Last month, Del. Cheryl Glenn (D-Baltimore) introduced House Bill 15, which would allow for patients to grow their own or obtain it at dispensaries. It is now before the Health and Government Operations & Judiciary Committees. Last week, Del. Dan Morhaim (D-Baltimore County) filed two bills based on working group approved by the legislature last year. House Bill 1024 would allow medical marijuana distribution only through university-affiliated hospitals, while House Bill 1158 would allow distribution through registered dispensaries.  Maryland has a medical marijuana law, but it does not allow for access to medical marijuana and it only provides for a defense in court -- not protection from arrest.

Massachusetts

In January 2011, Rep. Frank Smizik (D-Brookline) introduced House Bill 625, which would allow registered patients or their caregivers to possess up to four ounces of usable marijuana and up to 24 plants or to obtain their medicine from registered dispensaries. Senate President Pro Tem Stan Rosenberg (D-Amherst) introduced a companion bill, Senate Bill 1161 at the same time. The two bills were referred to the Joint Committee on Public Health and received hearings in July. Also, Sen. Thomas McGee (D-Lynn) introduced Senate Bill 818, which would allow patients or caregivers to possess up to four ounces and 10 plants. It has been referred to the Joint Committee on the Judiciary. All three bills are still alive because the state has a two-year legislative session.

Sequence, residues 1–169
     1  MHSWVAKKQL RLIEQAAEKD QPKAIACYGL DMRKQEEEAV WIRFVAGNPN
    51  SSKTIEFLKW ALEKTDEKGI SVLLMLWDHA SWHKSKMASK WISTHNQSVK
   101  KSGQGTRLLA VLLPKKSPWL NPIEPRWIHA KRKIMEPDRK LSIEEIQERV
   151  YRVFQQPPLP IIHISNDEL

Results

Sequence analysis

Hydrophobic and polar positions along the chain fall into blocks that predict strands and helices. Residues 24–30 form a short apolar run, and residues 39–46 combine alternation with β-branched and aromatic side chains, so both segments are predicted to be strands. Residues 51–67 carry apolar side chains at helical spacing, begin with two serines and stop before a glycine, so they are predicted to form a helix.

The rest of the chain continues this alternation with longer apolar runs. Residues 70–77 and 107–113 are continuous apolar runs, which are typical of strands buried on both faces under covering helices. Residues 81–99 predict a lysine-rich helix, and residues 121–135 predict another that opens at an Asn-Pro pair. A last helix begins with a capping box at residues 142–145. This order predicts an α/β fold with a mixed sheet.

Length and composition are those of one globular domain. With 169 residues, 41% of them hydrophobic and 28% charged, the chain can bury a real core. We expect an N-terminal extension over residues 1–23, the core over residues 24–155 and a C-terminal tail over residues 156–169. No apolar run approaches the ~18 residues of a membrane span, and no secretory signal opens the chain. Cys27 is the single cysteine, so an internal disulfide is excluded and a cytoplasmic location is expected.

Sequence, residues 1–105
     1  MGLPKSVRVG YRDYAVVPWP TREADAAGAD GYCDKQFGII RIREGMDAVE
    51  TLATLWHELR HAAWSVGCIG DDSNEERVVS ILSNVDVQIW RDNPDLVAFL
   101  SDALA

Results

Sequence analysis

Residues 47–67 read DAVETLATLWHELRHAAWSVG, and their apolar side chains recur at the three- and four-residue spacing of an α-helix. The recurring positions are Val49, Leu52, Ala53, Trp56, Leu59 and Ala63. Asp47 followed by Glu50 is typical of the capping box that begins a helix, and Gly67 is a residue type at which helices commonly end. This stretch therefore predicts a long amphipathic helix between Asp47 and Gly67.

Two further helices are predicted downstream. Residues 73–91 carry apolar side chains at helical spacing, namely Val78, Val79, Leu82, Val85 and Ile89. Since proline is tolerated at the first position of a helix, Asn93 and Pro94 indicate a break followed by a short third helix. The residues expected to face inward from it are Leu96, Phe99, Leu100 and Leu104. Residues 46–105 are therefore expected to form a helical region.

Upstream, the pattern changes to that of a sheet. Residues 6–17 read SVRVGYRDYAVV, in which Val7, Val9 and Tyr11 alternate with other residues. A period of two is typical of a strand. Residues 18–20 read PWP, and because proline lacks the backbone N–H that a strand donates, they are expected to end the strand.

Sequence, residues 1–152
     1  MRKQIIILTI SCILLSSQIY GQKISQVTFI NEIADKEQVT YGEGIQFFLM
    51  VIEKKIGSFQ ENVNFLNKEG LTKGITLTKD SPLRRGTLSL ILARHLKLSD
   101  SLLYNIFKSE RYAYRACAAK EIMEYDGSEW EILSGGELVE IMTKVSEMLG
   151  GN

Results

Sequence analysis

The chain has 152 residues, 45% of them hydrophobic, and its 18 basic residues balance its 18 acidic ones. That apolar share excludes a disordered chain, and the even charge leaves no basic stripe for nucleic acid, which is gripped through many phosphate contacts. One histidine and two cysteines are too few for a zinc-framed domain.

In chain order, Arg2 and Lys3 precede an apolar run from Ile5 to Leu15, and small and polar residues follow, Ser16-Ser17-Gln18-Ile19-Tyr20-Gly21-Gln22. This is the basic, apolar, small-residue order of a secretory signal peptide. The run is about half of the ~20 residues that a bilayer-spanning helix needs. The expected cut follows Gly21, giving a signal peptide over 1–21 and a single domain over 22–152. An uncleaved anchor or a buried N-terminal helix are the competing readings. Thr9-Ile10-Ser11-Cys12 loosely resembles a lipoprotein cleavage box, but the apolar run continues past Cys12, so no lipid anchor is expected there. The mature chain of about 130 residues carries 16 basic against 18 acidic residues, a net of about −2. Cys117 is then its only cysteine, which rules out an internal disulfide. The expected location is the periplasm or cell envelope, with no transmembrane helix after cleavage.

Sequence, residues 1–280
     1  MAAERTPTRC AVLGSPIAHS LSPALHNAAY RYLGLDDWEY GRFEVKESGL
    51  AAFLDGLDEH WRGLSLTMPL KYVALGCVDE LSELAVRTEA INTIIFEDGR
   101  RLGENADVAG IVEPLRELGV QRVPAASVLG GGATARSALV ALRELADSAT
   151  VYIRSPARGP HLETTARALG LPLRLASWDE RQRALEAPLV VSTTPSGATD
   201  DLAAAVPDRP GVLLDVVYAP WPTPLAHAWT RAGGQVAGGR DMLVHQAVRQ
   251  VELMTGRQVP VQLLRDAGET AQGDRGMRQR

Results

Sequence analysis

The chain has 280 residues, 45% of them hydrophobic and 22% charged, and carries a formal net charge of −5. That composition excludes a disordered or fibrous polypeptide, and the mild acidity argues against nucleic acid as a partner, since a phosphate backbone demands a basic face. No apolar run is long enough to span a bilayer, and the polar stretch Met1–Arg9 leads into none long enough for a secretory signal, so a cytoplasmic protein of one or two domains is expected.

Mississippi

Last month, Sen. Deborah Dawkins (D-Pass Christian) introduced Senate Bill 2252, which would allow allow qualifying patients to cultivate and use medical marijuana. The bill has been  referred to the Senate Judiciary Committee, Division A.

Missouri

Last month, Rep. Mike Colona (D-St. Louis) introduced House Bill 1421, which would allow people with a debilitating medical condition and a doctor's recommendation to possess up to one ounce of marijuana and seven plants (three mature) or obtain it from registered nonprofit dispensaries. The bill has had its first and second readings, but has not been referred to a committee.

New Hampshire

Sen. Jim Forsythe (R-Strafford) has pre-filed Senate Bill 2994, which would allow the medical use of marijuana and permit a limited number of state-regulated dispensaries. The House approved a similar bill, House Bill 442 eleven months ago on 221-96 vote. That bill is still alive because the state has a two-year legislative session.

New York

A year ago, Sen Tom Duane (D-Manhattan) introduced Senate Bill 2774, which would allow pharmacies, nonprofits, and health departments to dispense marijuana cultivated by registered producers. Patients could not grow their own, but could possess up to 2 ½ ounces. The bill is still alive because of the state's two-year legislative session and was re-referred to the Senate Health Committee last month. Assembly Health Committee Chair Richard Gottfried (D-Manhattan) last year introduced a similar bill, Assembly Bill 7347, which passed the Assembly Health, Assembly Codes, and Ways & Means Committees in May and June 2011. It, too, is still alive.

Ohio

In April 2011, Rep. Kenny Yuko (D-Euclid) introduced House Bill 214, which would allow the medical use and cultivation of marijuana by qualified patients. The bill is still alive because of the state's two-year legislative session.

Oklahoma

A year ago, Sen. Constance Johnson (D-Oklahoma City) introduced Senate Bill 573, which would remove criminal penalties for possession and cultivation of marijuana from patients and caregivers who cultivate marijuana for a patient’s medical use, upon a doctor's recommendation. The bill was referred to the Health and Human Services Committee and remains alive because of the state's two-year legislative session.